For a glimpse of what could happen to a trillion dollars worth of American farmland, meet Ray Williams.
He's a lawyer-turned-farmer, growing organic grain and feeding young cows on 3,000 acres in northeastern Oregon. Last year, he and his brother Tom decided that they were getting too old for the long hours and hard work.
"We told our clients, you don't want to rely on senior citizens for your high quality organic products. Trust me on this!" says Williams, age 68.
Their farm sold for $23 million. The buyer was a company registered in Delaware with a mailing address in Manhattan. The people behind that company wish to remain anonymous.
This left Williams with a pile of money to invest, and he parked almost $3 million of it in farmland halfway across the country. He bought 293 acres in Butler County, Iowa, from a farmer named Rich Showalter, and another 160 acres in O'Brien County from the estate of a woman who was born in Iowa but died in Indiana at the age of 100.
The end result: Control over this land has passed to people with little personal connection to it, who live a thousand miles away. The new owners will decide what happens to that land, whether to plow or drain it, or even to stop farming it entirely. Their decisions will have profound effects on rural communities, wildlife and even the global climate.
Similar deals are likely to happen on a massive scale in the coming years, according to Dave Muth, who helped Ray Williams sell and buy his farms. Muth is a partner with Alternative Equity Advisors, which is affiliated with Peoples Co., a Des Moines-based land broker. "Right now, over 80% of the farmland in the country is owned by somebody 55 or older, and roughly half of [them are] 75 or older," Muth says. "We're going to have an incredible shift in value over the next five to 20 years."
Farmland has become steadily more expensive, and the pool of farmers and their heirs who can afford to buy it is shrinking. Yet there's a growing appetite for it among investors, including pension funds and wealthy individuals like Williams. One large group of pension funds says that its members now own almost three times more farm properties than a decade ago. The market value of those holdings has quintupled.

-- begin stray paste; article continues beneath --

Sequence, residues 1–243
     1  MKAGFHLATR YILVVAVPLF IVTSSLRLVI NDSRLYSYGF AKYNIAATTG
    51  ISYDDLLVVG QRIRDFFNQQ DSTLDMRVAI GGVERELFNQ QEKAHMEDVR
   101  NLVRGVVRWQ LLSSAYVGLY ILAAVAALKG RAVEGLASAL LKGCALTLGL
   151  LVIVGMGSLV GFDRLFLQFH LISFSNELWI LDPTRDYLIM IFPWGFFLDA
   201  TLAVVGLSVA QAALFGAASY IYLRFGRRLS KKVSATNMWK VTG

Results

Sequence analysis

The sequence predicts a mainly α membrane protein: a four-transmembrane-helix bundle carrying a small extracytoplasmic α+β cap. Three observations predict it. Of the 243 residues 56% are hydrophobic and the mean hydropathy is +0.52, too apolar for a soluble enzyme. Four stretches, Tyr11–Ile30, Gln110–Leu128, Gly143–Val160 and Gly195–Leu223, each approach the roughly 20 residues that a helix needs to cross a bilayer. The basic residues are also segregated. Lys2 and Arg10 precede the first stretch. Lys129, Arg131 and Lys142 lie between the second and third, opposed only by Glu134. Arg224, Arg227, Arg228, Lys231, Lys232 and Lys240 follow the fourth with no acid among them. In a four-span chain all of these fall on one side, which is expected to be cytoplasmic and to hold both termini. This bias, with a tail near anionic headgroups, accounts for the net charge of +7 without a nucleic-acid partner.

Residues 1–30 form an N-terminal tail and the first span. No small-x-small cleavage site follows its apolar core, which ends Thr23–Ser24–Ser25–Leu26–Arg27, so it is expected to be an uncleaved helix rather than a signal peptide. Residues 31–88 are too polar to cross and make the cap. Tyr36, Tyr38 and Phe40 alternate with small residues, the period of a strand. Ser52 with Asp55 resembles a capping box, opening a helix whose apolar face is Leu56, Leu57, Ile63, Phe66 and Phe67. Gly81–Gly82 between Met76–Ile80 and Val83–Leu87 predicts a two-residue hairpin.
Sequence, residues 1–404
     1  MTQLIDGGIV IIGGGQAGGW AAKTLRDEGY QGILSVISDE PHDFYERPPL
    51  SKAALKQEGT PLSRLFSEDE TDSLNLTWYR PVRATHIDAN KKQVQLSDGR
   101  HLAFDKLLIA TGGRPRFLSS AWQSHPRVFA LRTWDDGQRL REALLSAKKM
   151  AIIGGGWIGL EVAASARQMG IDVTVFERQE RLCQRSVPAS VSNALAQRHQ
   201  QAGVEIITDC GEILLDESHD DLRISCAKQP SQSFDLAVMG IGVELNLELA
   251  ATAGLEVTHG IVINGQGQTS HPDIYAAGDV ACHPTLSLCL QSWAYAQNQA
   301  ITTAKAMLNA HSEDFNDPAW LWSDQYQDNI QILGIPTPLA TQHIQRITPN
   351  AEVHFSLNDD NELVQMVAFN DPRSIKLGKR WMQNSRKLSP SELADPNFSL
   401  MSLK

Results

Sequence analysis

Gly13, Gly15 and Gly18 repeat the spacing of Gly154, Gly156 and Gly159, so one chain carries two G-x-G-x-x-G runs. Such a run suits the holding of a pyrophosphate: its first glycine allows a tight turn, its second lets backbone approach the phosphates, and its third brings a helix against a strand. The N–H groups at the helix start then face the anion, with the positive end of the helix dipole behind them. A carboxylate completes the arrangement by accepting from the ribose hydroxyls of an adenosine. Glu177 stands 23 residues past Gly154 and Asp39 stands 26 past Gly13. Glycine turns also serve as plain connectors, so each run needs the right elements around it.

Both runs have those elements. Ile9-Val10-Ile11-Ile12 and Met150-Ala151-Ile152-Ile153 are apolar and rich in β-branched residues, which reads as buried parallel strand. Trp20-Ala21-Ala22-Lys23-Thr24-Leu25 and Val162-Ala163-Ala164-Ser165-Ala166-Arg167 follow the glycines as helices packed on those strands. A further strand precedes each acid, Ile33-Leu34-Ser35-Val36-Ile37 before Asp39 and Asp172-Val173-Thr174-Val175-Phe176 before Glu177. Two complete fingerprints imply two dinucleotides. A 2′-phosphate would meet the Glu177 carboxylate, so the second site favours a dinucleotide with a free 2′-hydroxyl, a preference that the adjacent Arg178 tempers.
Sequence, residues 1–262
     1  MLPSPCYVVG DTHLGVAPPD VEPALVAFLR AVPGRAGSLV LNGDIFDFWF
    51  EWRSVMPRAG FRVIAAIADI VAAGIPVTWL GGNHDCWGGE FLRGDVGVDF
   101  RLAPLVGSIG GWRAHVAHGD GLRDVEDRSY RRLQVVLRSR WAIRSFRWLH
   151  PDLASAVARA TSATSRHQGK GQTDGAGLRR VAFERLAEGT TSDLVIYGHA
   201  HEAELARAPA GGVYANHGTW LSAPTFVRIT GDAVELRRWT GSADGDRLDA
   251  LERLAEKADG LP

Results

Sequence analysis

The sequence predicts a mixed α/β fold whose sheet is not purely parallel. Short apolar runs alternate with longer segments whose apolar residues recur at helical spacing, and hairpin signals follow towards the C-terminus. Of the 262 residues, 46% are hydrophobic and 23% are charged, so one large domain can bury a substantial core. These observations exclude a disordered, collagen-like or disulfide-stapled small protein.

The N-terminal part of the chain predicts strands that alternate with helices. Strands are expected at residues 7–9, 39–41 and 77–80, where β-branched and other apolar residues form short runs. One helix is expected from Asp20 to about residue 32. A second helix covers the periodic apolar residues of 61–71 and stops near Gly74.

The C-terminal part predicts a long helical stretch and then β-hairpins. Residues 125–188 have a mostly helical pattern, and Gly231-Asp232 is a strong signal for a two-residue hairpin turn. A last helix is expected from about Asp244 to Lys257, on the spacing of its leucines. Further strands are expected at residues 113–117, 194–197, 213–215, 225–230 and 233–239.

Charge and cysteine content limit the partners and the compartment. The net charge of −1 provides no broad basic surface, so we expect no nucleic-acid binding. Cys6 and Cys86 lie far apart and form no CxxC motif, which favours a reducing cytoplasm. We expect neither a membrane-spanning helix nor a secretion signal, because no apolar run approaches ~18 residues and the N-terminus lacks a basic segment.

The day I met Steve Bruere, the president of Peoples Co., he had to step out of the room for a while to talk to someone on the East Coast who has $25 million available to spend on farmland. "Yeah, he wants to hop on a plane and come out and see us in two weeks," Bruere said. "That's how this stuff goes."
Absentee ownership itself has been common for many years. About half of Midwestern farmland already is owned by people who don't actually farm it themselves. But it's highly fragmented. Most landowners have relatively small parcels — perhaps 40 to 160 acres — that were passed down to them through family connections, often from relatives who once farmed it. Today's farmers now compete for that land, often leasing parcels from many different owners.
Critics of large-scale, capital-intensive farming say that absentee ownership, even in its current form, has been destructive. They say that rented farmland often gets abused; that tenant farmers won't spend money protecting soil and water because they can't be sure that they'll be around to see the benefits of that long-term investment. Many non-farming landowners won't pay, either, simply because it cuts into their short-term rental income.
Sarah Carlson, from an environmentally minded group called Practical Farmers of Iowa, points to the example of "cover crops," which farmers plant in the off-season to protect the soil and reduce water pollution. She's compared maps of Iowa that show rates of cover crop adoption and the prevalence of rented land. "It's really dramatic, the two maps, placed next to each other," she says. "Where the cover crops are, and where the cash-rent land is: they're opposite."